My Whole30 Journey

Kevin and I recently completed the Whole30. For the complete lowdown on what the heck the Whole30 is, check out this website. If you are interested in doing the Whole30, I highly recommend buying this book (or getting it from the library).

In summary, the Whole30 is not a diet. You eliminate certain food groups from your diet for 30 days, allow your body to reset back to its factory settings, and then add those food groups back in (one at a time) to see how your body responds to them.

We eliminated sugar, alcohol, grains, legumes, dairy, and a bunch of other unhealthy chemicals that are in our food (i.e. carrageenan, MSG, sulfites) for 30 days. The past two weeks, we reintroduced those foods to see how we felt. It was an incredibly amazing and eye-opening experience that I am excited to share with you all here. Let me start with this:

Eating healthy for 30 days was not hard.

I know, it’s crazy right? Because we’ve been believing this lie that it’s difficult to be healthy. That we don’t have enough time. That we don’t have enough money. That we don’t have enough energy to plan and cook and keep ourselves motivated. And everywhere we look, there’s an easy fix. Some pill we can take, some surgery we can have, some exercise regimen that guarantees we can still eat whatever we want, and it’s all too good to be true.

My husband might tell you that the Whole30 was hard, but the reason it was harder for him is because he actually had to cook everything. Because he is the one who cooks in our household. I literally never cook, so the only thing that changed for me is what I was eating. Yes, cooking more and eating out less is going to be time-consuming. There will be a lot more dishes to do (I do the dishes, so at least give me credit for that) and there will be a few more trips to the grocery store.

But the actual eating healthy foods part was not difficult.

Sure, I was a little bit hungry for the first couple of days and I had a few cravings here and there. But overall, I felt amazing. The only time I craved unhealthy food was when I was absolutely starving or when I was super emotional or stressed. I didn’t even know I was one of those people who uses junk food to make themselves feel better, but it wasn’t that hard to kick the habit.

We ate a lot of the same foods for 30 days and we didn’t branch out and try to cook these crazy meals. Well, Kevin didn’t branch out. I suggested crazy recipes and then he said do you want to cook then? and of course I was like, no – steak and potatoes for the third day in a row is fine.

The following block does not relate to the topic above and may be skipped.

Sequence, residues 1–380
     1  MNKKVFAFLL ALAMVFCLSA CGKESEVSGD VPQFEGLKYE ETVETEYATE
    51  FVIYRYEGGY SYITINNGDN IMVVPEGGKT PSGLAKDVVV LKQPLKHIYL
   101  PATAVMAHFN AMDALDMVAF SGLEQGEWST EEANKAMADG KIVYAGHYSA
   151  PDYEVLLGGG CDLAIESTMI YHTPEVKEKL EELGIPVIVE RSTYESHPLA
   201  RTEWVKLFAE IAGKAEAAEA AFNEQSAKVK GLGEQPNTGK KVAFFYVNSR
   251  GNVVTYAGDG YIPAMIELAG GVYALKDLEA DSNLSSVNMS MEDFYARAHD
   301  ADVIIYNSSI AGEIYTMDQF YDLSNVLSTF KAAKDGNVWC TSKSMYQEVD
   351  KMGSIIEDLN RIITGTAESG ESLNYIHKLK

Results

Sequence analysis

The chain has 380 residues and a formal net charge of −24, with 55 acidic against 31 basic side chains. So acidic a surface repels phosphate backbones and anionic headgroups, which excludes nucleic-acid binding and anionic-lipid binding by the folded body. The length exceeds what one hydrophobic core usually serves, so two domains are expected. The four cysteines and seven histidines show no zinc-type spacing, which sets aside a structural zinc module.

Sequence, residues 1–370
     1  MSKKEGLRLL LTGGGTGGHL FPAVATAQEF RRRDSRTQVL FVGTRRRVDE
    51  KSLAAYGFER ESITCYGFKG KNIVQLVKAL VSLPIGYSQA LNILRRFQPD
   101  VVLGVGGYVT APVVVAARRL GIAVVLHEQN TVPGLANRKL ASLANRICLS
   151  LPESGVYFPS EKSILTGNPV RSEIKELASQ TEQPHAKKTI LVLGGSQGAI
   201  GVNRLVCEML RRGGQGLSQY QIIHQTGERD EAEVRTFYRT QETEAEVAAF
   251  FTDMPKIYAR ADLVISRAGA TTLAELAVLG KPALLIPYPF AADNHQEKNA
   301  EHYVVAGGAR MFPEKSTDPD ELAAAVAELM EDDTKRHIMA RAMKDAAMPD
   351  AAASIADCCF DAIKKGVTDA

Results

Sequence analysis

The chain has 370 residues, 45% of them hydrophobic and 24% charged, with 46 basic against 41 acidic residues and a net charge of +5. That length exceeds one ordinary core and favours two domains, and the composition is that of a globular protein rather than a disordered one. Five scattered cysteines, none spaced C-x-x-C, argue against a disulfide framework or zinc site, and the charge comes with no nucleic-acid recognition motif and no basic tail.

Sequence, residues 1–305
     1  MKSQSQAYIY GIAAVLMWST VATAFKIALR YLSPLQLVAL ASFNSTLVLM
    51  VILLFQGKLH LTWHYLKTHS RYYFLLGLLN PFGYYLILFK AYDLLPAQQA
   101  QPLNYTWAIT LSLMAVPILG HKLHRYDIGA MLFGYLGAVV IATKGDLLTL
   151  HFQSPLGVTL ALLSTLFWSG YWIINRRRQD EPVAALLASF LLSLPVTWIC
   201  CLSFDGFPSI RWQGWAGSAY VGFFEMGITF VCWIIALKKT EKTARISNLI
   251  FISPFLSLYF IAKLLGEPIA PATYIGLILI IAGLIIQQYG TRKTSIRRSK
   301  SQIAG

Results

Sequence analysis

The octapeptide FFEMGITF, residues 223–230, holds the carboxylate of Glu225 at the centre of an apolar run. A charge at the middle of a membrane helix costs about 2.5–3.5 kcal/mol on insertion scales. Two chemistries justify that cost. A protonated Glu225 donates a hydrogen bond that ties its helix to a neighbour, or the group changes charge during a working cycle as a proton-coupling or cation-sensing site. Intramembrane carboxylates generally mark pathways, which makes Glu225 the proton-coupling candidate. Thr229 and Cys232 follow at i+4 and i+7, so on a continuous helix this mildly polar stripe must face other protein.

But we ate whole foods. Not the store, although we did go to Whole Foods in order to get a few Whole30 approved condiments: Tessamae’s ranch dressing, ketchup, and buffalo sauce. We ate real fruits and real vegetables and surprisingly, we felt freaking amazing!

We also ate out a couple of times. We had to move around day 20, so we went to Chipotle and Five Guys on the same day. Kevin went to Five Guys one other time during a work lunch. Turns out, you can still go out into the world and stay Whole30 compliant! There actually are places that serve healthy food!
The results:

  • I feel amazing. I have more energy, I sleep better, I’m happier, the list goes on. I have struggled for a long time with anxiety and depression and I feel better than I have in years.
  • I lost weight. I haven’t even weighed myself post-Whole30 yet, but I can tell you that I fit into jeans that I haven’t fit in for over a year. My stomach is flat and I don’t feel bloated all the time.
  • I don’t snack anymore. Sure, sometimes I’m hungry in between meals and I grab something nutritious, but I don’t feel the need to buy a bunch of snack food. I eat 3 solid meals a day and I don’t need to mindlessly eat while I’m watching tv.

Let’s talk re-introduction:

I don’t even want to go back to eating the way I was before.

We re-introduced one food group per day, with one or two Whole30 reset days in between, so that we could see how it affected us. We re-introduced legumes first. We had apples with peanut butter for breakfast and chili with beans for lunch. Legumes had no negative effect on us so we are excited to introduce them back into our diet.